• PG,i and QG,i are the real and reactive power generated
at each bus i.
• PD,i and QD,i are the real and reactive power consumed
at each bus i.
• Pij and Qij are real and reactive power flows between
each bus i and neighboring bus j.
• Gij and Bij are conductance and susceptance for each
edge of the transmission network.
• |Vi | is the voltage magnitude at each bus.
• θij is the voltage angle between neighboring buses.
Here, generator cost is shown in Equation (1) as a generic
nonlinear function f of both real and reactive power production. As seen later in more simplified power flow formulations, system operators typically require that cost instead be
described as a quadratic or piecewise linear function of real
power alone.
Equations (2) and (3) describe power flow using the AC
power flow equations. Conductance Gij is typically far outweighed by susceptance Bij for transmission lines, yet both
are included in this formulation.
Equations (4) and (5) impose conservation-of-energy constraints on real and reactive power at each node: power
generated minus power consumed minus power exported must
equal 0.
Equations (6) and (7) require that generators’ real and
reactive power production be no more than their maximum
rated capacity and no less than their minimum limit (often 0
MW). These constraints could also be used to impose ramping
constraints, by only allowing a set amount of deviation from
the PG,i and QG,i generated in the last OPF solution for the
previous timestep.

EE 137B, MAY 2016

4

Equations (8) and (9) ensure power quality and system
stability by maintaining bus voltage near 1 p.u., and keeping
voltage angles relatively small.
Equation (10) describes transmission line constraints –
apparent power through each line must be less than the rated
capacity of that line.
The AC Optimal Power Flow Formulation describes power
system behavior in full detail, but at a significant computational cost: the formulation is both nonlinear and nonconvex,
so it cannot be easily computed using standard optimization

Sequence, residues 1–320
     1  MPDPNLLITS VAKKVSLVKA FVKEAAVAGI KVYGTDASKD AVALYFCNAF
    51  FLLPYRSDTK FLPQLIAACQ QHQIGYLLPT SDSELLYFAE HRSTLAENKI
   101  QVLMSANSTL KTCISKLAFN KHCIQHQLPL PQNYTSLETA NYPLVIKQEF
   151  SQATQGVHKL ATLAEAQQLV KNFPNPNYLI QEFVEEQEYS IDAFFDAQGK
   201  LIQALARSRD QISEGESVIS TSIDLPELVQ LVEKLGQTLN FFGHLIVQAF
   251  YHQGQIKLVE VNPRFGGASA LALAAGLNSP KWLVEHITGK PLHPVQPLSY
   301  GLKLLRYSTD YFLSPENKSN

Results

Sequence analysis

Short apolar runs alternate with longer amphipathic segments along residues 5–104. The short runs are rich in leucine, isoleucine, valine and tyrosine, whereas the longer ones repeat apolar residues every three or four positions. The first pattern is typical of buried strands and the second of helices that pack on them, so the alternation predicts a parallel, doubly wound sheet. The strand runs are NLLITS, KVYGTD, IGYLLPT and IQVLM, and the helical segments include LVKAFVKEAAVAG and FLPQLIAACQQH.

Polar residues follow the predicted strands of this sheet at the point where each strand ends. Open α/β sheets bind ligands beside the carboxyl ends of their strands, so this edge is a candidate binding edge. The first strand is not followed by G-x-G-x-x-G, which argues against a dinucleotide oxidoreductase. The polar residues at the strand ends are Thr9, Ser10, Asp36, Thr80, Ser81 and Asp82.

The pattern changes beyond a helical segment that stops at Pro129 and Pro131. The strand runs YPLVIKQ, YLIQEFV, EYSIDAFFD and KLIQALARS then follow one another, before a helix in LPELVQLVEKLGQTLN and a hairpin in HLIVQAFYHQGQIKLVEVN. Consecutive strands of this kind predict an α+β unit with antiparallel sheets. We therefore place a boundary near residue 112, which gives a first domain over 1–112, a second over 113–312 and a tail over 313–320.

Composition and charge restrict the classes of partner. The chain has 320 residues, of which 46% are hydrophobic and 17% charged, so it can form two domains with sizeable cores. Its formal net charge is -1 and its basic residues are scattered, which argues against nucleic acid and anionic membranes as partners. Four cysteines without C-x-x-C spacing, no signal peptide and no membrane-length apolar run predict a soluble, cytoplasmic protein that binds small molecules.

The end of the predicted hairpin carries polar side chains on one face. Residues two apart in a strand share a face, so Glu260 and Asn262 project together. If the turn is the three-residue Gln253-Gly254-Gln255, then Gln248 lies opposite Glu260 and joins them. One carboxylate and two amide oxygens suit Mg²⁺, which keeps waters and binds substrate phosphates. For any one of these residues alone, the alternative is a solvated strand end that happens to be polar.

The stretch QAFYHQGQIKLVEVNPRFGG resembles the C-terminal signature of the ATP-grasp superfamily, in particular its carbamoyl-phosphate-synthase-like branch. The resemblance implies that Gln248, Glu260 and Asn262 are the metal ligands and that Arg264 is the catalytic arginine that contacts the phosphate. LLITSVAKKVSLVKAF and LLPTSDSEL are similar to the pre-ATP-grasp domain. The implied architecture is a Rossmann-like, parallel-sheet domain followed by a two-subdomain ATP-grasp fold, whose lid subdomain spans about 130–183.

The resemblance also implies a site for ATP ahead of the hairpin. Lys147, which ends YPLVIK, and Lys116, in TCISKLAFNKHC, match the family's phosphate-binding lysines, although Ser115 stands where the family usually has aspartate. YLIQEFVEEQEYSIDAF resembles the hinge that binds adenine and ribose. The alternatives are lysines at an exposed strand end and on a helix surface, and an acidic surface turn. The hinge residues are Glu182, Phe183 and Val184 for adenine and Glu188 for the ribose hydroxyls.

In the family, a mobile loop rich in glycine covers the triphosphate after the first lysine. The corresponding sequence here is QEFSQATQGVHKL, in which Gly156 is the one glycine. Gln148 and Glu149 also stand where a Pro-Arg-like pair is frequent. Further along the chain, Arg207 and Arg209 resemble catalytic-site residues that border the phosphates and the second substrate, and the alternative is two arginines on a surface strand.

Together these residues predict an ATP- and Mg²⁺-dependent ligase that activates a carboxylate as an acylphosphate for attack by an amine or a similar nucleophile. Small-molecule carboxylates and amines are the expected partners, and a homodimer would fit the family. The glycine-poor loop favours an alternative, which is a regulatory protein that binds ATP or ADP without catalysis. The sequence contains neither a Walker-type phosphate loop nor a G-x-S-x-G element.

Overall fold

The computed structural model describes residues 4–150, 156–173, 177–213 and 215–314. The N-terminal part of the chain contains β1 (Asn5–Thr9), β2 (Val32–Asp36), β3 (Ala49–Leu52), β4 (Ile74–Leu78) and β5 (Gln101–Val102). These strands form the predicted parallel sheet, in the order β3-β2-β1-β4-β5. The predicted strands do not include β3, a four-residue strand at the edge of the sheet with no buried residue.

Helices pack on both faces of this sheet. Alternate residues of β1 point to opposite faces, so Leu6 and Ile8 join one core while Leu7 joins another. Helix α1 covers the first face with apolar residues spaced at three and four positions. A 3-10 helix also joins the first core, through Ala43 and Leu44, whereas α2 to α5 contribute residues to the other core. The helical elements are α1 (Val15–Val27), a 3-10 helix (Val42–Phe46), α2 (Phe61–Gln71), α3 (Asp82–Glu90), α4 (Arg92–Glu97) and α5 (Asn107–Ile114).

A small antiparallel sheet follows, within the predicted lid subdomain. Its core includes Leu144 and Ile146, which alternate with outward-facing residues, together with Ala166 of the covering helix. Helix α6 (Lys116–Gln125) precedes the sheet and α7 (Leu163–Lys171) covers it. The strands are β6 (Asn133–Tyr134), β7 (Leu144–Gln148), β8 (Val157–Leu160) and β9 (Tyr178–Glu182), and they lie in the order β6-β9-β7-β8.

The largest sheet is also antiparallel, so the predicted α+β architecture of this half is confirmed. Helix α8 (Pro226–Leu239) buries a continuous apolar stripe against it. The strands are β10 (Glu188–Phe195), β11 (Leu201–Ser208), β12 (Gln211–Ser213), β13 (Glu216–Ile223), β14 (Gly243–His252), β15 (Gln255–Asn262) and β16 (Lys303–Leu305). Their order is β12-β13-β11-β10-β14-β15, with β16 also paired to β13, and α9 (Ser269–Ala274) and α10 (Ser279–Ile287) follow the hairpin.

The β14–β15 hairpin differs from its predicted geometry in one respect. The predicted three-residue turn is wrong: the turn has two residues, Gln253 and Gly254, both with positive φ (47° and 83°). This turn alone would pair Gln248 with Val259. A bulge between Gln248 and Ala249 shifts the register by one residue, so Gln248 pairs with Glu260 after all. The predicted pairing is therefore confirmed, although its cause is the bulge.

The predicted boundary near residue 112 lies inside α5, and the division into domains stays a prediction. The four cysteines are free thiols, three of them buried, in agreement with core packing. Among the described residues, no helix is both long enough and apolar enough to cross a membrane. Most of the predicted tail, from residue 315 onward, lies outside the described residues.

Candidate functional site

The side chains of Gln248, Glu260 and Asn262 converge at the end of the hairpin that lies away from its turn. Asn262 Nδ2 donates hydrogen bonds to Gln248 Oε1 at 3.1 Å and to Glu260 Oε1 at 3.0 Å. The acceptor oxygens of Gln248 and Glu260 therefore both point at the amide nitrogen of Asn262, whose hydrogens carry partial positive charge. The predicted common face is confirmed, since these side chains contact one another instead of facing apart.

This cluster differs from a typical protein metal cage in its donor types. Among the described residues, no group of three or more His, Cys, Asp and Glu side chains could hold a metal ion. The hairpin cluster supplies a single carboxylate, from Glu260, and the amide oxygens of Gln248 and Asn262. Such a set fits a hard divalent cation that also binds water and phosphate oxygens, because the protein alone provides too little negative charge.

solver packages. Although many researchers are discovering
novel methods of solving the AC OPF problem, such as convex
relaxation, most ISO/RTOs currently use a simpler, linearized
formulation that can be solved quickly enough to clear the realtime market and send generators optimal dispatch commands
every five minutes.

VIII. S IMPLE O PTIMAL P OWER F LOW
The following simulations make use of a further-simplified
optimal power flow formulation that allows power flows to be
calculated without finding voltage angles for each bus.
This formulation was adapted from CE 295’s Homework
4, which tasked students with solving OPF for the three-bus
system shown in Figure 7 [8] below.

VII. DC O PTIMAL P OWER F LOW
The DC OPF formulation uses the simpler DC power flow
equations, which rely on a number of simplifying assumptions
that hold relatively well for transmission systems:






Reactance far exceeds resistance, so all Gij terms can be
omitted.
Per-unit voltage magnitude is close to unity, so those
terms can be removed from the power flow equations,
and no longer appear as decision variables.
Voltage angles are small, so sinθ ≈ θ.
Reactive power can be ignored.

Figure 7. CE 295 HW 4 Three-Bus System.

The Simple OPF equations are shown below:

This results in the following set of equations:

min cA PA + cB PB + cC PC + cD PD
P

min
θ,P

N
X

subject to:
ci,1 Pi +

ci,2 Pi2

0 ≤ Pi ≤ Pi,max

(11)

i=0

Pi − D i −

subject to:
Fij = Bij (θi − θj )
Pi − Di −

N
X




Fij = 0

x12 F12 + x23 F23 + x13 F13 = 0
Fij = 0

(13)

Pi,min ≤ Pi ≤ Pi,max

(14)



θmin ≤ θij ≤ θmax

(15)



Fij,min ≤ Fij ≤ Fij,max

(16)

where:



N
X

ci,1 and ci,2 are the quadratic cost parameters for each
generator.
Pi is the real power output of each generator.
Fij is the real power flow between each bus i and
neighboring buses j.
Di is the real power demanded at each bus.

This formulation’s objective function is quadratic in the
decision variables Pi , and its constraints are linear in the
decision variables Pi and θij , so it can be quickly solved using
any quadratic programming package.

(18)
(19)

j=0

(12)

j=0



(17)

(20)

where:





ci is the marginal cost for each generator.
Pi is the real power production of each generator.
Di is the real power demanded at each bus.
Fij is power flow between nodes, in the direction shown
in the figure above.
xij is the reactance between nodes i and j.